Charis Camp and Conference Centre, a nonprofit Christian camp nestled among the trees on Hack Brown Road, takes its name from the Greek word for "grace."
Charis Camp manager John Loosdracht says BC Hydro needs to take a cue from the Greeks- and the camp- and show some grace after mistakenly handing the facility a bill for more than $50,000 for four months of power.
Loosdracht opened his mail earlier this year to find a bill for more than $21,000 for two months of power on the camp's new building. That building, which will eventually be able to house around 50 campers, is still under construction and is not being used.
Previous bills had amounted to around $600. Loosdracht paid them, although he now suspects those bills were wrong, too. But the bill, for $21,074.64 was so obviously faulty that he did the obvious: he called BC Hydro.
"That bill is more than we pay on another seven buildings in a year," he told the Times. "That would be for an industrial complex."
Loosdracht says he was told that BC Hydro would send somebody to check the power meter (which, incidentally, is not a smart meter). They never did.
Loosdracht was also told that "the next meter reading should correct itself."
But two months later he received another bill. That one included money still owed from the previous unpaid bill, charges for the most recent two months, and interest accrued. It amounted to $51,363.72
When Loosdracht called Hydro again, he was told to have his own electrician take a look at his electrical meter. The bill, meanwhile, was to be passed on to a collections agency.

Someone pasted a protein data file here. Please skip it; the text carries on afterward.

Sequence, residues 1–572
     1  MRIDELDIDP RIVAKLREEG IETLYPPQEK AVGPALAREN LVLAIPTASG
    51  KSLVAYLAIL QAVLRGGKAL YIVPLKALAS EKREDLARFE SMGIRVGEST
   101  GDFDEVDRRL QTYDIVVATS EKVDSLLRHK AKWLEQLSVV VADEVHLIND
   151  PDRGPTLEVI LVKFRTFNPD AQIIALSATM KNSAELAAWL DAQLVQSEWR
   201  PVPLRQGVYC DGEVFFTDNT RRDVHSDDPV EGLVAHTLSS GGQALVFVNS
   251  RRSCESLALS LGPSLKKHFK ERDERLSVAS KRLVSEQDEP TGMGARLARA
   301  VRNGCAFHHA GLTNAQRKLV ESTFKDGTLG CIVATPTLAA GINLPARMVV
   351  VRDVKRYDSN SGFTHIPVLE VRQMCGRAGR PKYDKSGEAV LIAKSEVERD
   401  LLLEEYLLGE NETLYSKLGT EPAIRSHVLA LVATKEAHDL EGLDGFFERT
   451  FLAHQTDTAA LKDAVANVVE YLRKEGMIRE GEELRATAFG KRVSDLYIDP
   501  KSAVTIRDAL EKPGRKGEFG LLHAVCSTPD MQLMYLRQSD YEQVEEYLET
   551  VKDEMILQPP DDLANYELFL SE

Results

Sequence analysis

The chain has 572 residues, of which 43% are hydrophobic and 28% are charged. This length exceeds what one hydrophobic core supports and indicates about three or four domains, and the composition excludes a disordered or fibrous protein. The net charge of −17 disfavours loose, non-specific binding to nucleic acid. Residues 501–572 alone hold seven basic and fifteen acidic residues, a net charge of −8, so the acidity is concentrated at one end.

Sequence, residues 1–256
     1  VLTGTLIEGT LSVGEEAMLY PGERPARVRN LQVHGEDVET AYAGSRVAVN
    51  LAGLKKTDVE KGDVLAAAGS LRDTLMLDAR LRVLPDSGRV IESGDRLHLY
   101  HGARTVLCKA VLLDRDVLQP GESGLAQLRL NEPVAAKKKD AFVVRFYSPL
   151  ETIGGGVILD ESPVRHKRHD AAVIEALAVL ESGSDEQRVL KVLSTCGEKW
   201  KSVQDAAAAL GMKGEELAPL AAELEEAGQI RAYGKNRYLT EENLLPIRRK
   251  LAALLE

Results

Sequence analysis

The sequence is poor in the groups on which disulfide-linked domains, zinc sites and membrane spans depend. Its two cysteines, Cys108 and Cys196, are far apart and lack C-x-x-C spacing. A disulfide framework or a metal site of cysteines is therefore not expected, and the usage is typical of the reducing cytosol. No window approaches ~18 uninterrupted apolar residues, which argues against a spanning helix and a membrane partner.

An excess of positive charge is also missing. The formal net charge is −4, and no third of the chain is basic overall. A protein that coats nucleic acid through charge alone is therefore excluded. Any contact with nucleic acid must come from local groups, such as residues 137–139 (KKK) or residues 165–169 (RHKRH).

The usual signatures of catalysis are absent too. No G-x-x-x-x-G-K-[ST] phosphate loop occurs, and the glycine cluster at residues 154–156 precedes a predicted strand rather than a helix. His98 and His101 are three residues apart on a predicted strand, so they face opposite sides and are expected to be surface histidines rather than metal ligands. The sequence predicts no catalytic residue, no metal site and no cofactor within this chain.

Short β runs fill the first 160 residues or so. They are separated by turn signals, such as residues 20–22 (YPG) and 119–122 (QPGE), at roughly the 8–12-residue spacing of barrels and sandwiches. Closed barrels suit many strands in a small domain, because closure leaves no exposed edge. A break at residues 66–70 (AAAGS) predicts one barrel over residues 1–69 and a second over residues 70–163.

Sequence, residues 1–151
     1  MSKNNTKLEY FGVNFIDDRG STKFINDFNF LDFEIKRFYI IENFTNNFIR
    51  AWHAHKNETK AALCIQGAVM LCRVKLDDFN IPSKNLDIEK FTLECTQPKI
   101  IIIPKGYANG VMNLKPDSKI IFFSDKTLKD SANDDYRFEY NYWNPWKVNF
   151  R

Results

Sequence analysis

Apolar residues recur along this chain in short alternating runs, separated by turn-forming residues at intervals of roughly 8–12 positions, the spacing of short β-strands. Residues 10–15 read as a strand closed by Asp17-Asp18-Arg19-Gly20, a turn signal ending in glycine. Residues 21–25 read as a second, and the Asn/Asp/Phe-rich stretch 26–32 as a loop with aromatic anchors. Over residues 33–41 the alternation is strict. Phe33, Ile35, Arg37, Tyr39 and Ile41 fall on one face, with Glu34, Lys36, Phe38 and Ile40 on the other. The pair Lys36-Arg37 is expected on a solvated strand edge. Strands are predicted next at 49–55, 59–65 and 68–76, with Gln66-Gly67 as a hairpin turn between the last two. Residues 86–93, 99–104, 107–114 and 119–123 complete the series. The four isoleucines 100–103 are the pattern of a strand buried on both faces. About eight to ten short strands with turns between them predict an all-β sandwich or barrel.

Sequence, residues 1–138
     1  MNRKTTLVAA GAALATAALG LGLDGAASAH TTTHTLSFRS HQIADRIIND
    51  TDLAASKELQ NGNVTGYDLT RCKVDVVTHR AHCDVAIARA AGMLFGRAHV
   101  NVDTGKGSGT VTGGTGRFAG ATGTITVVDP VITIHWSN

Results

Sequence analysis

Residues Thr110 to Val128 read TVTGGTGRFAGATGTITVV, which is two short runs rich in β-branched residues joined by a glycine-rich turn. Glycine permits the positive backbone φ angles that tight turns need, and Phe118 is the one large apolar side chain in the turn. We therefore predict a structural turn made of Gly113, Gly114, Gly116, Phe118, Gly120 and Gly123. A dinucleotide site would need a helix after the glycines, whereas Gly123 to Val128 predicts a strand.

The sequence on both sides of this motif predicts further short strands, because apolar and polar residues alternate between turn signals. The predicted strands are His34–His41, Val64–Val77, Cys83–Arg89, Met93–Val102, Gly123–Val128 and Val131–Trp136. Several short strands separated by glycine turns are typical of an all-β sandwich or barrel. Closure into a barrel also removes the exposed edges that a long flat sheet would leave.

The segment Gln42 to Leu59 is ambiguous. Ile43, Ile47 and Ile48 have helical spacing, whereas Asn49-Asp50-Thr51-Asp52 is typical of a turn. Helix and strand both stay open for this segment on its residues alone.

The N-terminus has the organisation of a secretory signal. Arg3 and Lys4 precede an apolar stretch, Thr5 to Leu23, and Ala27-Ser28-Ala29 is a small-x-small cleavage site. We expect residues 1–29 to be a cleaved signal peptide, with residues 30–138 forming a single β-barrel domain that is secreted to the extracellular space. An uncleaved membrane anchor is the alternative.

"I said, 'We might as well close the doors,'" Loosdracht said.
Loosdracht did bring in an electrician, who looked at the reading and said the camp shouldn't be paying any more than $150 a month-and probably not even that much.
"We need some grace," said Loosdracht after explaining the name of the camp. "These guys need to smarten up."
Loosdracht contacted both the Times and Global BC earlier this week. In the days since, BC Hydro has admitted there was a problem. It is also apologizing and promising to fix whatever is skewing its readings at Charis Camp.
"It's obviously a huge inconvenience for the customer and we're apologizing to the customer for the stress and inconvenience this has caused," said BC Hydro spokesperson Simi Heer.
She said the bill should have been flagged internally before it was sent to Charis Camp. Heer said BC Hydro is investigating why that didn't happen.
She also said BC Hydro should have done more to help Loosdracht after he called to complain about the bills.
"It should not have happened that way," she told the Times.
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